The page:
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Open access

James K. Liu and Vincent N. Dodson

Cervicomedullary gangliogliomas are rare low-grade neoplasms of the brainstem. They can be challenging lesions to resect due to the eloquent location in the brainstem. In some instances, the absence of a clear surgical plane between the tumor and normal neural tissue can prohibit a complete resection. Therefore, it is important to leave a thin rim of residual tumor at the tumor-brainstem interface in order to avoid irreversible neurological injury. In this operative video, the authors demonstrate the technique to develop a surgical pseudoplane using sharp microdissection for a cervicomedullary brainstem ganglioglioma without a clear interface between the tumor and normal neural tissue. This strategy allowed for radical near-total resection of the tumor, thereby maximizing the extent of removal while preserving neurological function. Postoperatively, the patient had normal neurological function and returned to work without any disability. In summary, due to the lack of a clear surgical dissection plane, a pseudoplane near the surgical interface can be performed using sharp dissection to facilitate radical near-total resection.

The video can be found here: https://youtu.be/biD4G1Hh0yk.

Open access

James K. Liu and Vincent N. Dodson

Fourth ventricular tumors have traditionally been removed via transvermian approaches, which can result in potential dysequilibrium and mutism. The telovelar approach is an excellent alternative to widely expose fourth ventricular tumors without transgressing the cerebellar vermis. This is achieved by opening the cerebellomedullary fissure and incising the tela choroidea and inferior medullary velum, which form the lower half of the roof of the fourth ventricle. In this operative video manuscript, the authors demonstrate microsurgical resection of a fourth ventricular subependymoma arising from the rhomboid fossa via the telovelar approach. The key technical nuance in this video is to demonstrate a gentle and safe technique to identify a dissectable plane to peel the tumor off of the rhomboid fossa using a microspreading technique with fine micro-bayonetted forceps. A gross-total resection was achieved, and the patient was neurologically intact.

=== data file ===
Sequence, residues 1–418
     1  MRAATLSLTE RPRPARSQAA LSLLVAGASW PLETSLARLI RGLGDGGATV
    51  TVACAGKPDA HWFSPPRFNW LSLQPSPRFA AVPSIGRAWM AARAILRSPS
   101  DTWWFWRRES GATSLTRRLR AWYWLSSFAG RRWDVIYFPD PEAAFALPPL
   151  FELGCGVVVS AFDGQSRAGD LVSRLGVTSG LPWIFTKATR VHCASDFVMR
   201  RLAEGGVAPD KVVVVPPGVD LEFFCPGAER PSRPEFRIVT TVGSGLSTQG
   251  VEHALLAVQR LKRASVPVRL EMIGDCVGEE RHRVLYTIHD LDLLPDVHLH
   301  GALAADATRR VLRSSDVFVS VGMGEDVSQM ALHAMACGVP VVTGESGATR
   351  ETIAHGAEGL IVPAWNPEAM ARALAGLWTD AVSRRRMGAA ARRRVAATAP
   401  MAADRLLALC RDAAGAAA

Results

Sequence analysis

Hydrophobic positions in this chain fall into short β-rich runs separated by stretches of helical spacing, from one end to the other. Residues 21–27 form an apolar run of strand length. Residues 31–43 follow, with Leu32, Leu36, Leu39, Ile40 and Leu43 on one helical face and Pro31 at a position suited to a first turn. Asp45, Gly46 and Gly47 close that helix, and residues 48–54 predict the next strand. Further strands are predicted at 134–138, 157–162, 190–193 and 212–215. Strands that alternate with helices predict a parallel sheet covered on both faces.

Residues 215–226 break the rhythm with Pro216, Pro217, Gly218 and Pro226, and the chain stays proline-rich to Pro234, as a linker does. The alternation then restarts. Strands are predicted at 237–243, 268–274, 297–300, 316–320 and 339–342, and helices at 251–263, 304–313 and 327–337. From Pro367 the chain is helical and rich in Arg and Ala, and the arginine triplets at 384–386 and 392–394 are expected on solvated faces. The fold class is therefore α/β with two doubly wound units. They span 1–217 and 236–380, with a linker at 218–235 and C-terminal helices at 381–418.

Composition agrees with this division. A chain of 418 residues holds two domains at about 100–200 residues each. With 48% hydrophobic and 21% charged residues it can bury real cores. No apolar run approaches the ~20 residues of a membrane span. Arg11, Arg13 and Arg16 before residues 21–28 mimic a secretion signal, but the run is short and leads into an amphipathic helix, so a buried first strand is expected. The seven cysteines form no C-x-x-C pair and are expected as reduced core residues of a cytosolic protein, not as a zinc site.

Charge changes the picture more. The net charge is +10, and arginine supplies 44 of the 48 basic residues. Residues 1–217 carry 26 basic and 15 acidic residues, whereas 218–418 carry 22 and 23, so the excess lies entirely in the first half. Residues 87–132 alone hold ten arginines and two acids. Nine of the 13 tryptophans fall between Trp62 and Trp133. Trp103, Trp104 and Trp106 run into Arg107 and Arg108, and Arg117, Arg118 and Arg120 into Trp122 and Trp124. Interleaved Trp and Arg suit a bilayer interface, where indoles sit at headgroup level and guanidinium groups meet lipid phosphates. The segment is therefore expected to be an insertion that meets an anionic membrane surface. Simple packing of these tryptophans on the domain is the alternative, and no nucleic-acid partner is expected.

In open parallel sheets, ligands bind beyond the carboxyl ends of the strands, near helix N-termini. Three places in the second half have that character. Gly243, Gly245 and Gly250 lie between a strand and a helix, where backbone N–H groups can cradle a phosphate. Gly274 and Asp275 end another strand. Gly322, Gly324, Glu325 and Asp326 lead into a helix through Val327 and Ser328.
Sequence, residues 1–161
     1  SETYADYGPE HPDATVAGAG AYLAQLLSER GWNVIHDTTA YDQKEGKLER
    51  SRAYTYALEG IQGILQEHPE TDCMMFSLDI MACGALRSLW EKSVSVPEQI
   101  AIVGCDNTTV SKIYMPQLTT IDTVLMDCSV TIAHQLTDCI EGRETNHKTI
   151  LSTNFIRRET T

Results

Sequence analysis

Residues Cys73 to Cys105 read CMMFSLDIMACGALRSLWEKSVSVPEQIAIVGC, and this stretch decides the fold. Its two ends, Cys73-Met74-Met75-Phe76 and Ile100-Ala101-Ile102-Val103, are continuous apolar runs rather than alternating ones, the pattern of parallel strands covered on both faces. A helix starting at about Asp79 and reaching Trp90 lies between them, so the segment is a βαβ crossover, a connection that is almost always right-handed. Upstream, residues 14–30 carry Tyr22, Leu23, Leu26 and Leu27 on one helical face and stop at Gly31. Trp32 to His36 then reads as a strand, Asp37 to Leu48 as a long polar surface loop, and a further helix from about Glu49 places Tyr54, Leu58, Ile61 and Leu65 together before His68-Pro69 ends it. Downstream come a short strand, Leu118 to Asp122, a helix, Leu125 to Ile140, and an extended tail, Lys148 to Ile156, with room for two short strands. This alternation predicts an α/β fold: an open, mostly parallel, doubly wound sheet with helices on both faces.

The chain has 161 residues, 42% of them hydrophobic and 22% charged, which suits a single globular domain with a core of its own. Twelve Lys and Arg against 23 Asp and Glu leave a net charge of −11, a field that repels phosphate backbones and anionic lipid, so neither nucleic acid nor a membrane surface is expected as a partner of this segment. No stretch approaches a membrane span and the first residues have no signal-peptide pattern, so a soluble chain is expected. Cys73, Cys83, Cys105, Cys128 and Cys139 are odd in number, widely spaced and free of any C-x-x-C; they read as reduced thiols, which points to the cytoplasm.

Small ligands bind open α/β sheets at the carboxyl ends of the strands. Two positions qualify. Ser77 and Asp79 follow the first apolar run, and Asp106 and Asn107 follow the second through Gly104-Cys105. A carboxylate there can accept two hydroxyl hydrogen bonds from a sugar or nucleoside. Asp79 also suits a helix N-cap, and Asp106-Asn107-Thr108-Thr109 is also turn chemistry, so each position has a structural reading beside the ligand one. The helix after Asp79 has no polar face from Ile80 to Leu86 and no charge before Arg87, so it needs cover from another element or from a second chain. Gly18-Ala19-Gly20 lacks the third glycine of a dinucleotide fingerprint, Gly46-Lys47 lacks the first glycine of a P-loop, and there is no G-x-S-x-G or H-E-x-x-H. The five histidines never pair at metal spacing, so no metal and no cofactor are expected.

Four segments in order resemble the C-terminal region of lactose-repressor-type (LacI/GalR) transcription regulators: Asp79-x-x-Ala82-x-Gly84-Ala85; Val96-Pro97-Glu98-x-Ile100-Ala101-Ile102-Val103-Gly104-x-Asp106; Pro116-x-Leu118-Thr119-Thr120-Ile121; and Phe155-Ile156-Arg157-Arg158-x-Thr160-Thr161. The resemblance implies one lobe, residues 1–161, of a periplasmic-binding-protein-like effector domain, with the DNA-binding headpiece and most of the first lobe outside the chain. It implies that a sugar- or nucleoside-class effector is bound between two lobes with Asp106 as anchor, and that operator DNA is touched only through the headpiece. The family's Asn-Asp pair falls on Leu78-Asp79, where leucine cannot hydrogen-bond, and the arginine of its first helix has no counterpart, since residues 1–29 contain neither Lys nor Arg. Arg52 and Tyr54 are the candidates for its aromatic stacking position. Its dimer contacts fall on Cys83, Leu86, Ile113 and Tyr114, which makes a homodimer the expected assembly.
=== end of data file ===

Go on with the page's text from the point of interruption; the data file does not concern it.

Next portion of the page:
The video can be found here: https://youtu.be/ZEHHbUGb9zk.

Open access

James K. Liu and Vincent N. Dodson

Brainstem cavernous malformations are formidable lesions because of their eloquent location and propensity for bleeding resulting in neurological impairment. The surgical management can be challenging due to their deep location around critical neurovascular structures. In this operative video manuscript, the authors demonstrate resection of a large recurrent pontine cavernous malformation with an exophytic component in the cerebellopontine angle via a combined petrosal approach. Both anterior and posterior (retrolabyrinthine) petrosectomies were performed to allow multi-corridor access to the lesion. Due to excessive scar formation from prior surgeries, sharp dissection was paramount to create dissection planes around the lesion. This video atlas demonstrates the operative technique and surgical nuances of the skull base approach, safe resection of the malformation through the operative corridor, gentle handling of the neurovascular structures and a multi-layered reconstruction technique to prevent cerebrospinal fluid leakage. The use of endoscopic-assisted microsurgery of the brainstem is also demonstrated. A gross total resection was achieved, and the patient improved neurologically. In summary, the combined petrosal approach with endoscopic assistance is an important strategy in the armamentarium for the surgical management of brainstem cavernous malformations.

The video can be found here: https://youtu.be/oAETW6tVc_Y.